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Flux Core wire usage in a MultiMatic 215

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  • #16
    Originally posted by Noel View Post
    Well...with all due respect, you need to open a book and do some reading?
    1st picture. I showed the wire. It's label reads self shielding. E71T-GS. The GS is the important part.
    2nd picture. Shows the AWS classification description for that GS designator. Key phrase is other then tensile strength which is specified, all other requirement for this classification are not specified.
    Pictures 3 and 4. It goes to explanation of these classifications and why things are specified.

    You can stick with Lincoln's recommendations...100%. Beats the heck out of thinking for your self? I'll push forward and post the results.

    With all due respect, IDGAF what you say. I'd put you on ignore on this forum if I could because you simply can't have a respectful argument when someone does not agree with you.
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    • #17
      If you need a hurt feelings report I can provide one. My suggestion to read a book was well meaning. It wasn't specifically meant for you either? It was a broad brush stroke. You see how many actually read these posts? I may not teach an old dog a new trick but I hold out hope for the young pups.

      I'm not bowing. I stood my ground. Like it or not, someone learned something.

      In the first picture top left you can see the strips I cut, 5- 1/8" x 3/4" x 5" or close to. Didn't need them. My quick settings in the second picture got me in the ball park enough to say, ok, this is no gas. Having just removed a roll of Aluminum wire I had switched to DCEN but I was still hooked to Argon and thought give it a go. That's the third picture.

      Now you might say I should have tried CO2 or 75/25...I don't have CO2 and with results so apparent I couldn't be bothered. I proved the point I was making in response.

      Once again a show of hands, who actually tried? I stand alone.

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      • #18
        I always support experimentation, folks should always take the time to at least study up on the 'why nots' as well as reading about the 'what not' to does .. Having said that I'm also fine with folks that just decide to go with manufactures established procedures and save their self the wasted time of trying something that has already been tried but just ain't gonna work.

        https://www.lincolnelectric.com/en-u...ith-fcaws.aspx


        "Do NOT use an external shielding gas with FCAW-S electrodes (Figure 1). Granted, arc stability may improve by using a shielding gas. However, the arc would then be shielded from the atmosphere. This would not allow aluminum and magnesium from the electrode’s core to react and combine with nitrogen and oxygen from the atmosphere and form compounds. The weld deposit would then end up much higher than expected levels of primarily aluminum, resulting in very brittle, crack sensitive weld metal. Therefore, using a shielding gas with self shielded flux cored electrodes could result in potential weld cracking issues."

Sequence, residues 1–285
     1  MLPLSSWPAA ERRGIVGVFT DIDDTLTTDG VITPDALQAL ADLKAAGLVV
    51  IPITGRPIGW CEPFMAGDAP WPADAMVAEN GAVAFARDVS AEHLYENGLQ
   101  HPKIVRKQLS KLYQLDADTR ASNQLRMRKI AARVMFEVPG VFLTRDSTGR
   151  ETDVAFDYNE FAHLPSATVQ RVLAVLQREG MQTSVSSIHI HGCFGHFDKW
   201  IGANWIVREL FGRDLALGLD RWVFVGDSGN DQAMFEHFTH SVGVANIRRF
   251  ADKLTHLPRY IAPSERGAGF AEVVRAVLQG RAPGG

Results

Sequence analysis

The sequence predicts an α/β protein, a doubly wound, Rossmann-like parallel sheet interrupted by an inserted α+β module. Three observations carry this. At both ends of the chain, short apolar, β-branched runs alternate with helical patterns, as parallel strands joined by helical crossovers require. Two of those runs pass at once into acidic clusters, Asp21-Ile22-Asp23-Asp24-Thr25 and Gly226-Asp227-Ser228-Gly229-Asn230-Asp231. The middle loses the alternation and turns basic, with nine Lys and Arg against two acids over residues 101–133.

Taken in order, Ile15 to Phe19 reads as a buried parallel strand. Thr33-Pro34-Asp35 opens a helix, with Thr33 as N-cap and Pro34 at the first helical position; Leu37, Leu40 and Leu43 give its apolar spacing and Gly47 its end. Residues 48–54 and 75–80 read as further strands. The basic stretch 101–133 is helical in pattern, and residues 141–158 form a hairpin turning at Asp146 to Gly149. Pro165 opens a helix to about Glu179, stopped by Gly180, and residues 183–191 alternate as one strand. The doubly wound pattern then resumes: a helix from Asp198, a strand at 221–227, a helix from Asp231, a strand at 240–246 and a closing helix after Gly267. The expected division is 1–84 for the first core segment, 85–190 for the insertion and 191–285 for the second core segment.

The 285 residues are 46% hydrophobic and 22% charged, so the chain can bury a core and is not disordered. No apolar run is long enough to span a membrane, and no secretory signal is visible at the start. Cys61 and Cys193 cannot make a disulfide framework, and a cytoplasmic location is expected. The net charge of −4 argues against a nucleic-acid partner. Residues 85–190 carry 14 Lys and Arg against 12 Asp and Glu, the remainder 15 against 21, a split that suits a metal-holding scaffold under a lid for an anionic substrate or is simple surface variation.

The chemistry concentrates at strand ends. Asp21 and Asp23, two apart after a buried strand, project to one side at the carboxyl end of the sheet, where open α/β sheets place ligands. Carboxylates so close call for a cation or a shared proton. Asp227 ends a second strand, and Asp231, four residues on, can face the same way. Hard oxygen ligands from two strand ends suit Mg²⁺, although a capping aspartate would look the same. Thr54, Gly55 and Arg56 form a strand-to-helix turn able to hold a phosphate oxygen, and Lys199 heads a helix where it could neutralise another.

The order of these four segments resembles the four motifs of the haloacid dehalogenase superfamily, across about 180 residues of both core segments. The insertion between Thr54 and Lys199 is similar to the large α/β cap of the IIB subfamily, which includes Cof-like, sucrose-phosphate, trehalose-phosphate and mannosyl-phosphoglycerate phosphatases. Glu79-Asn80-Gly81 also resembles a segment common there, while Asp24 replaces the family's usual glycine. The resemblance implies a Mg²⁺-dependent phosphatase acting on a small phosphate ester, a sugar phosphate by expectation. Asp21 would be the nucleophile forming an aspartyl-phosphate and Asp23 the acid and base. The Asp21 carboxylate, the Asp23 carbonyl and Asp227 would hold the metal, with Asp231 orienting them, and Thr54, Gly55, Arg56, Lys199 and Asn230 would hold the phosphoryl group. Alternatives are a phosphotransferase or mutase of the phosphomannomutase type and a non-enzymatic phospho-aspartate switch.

https://www.lincolnelectric.com/en-u...lectrodes.aspx

        "A: The answer to your first question is no. Not only is the use of any type of shielding gas not necessary for Innershield® NR-212, or any other type of self-shielded, flux-cored electrode (FCAW-S), it should not be used. FCAW-S (i.e. Innershield®) electrodes have a tightly controlled and unique core composition and interaction with the atmosphere (compared to gas-shielded, flux-cored wires). They rely on the oxidizing effect of air to produce the desired weld deposit and desired resulting mechanical properties. When you use a shielding gas, you block the arc from the air and prevent the oxidizing reactions. This results in a much higher level of alloys, such as aluminum, in the weld metal, which produces a brittle and crack sensitive weld deposit. While it is likely that the shielding gas improves the stability and operator appeal of NR-212, it also results in an unacceptable weld deposit."


        Kinda like picking up a hot horse shoe. If you tell me ahead of time that its "hot" I'll save myself some pain and just take your word for it.

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        • #19
          "Having said that I'm also fine with folks that just decide to go with manufactures established procedures and
          save their self the wasted time of trying something that has already been tried but just ain't gonna work."


          Now Sandy, that last part... it's a bit condescending? You should have quit while you were ahead. Poke me with a stick.

          You guys read a promotion and marketing article and know enough. I agree, it works for you. You missed posting this part of that article.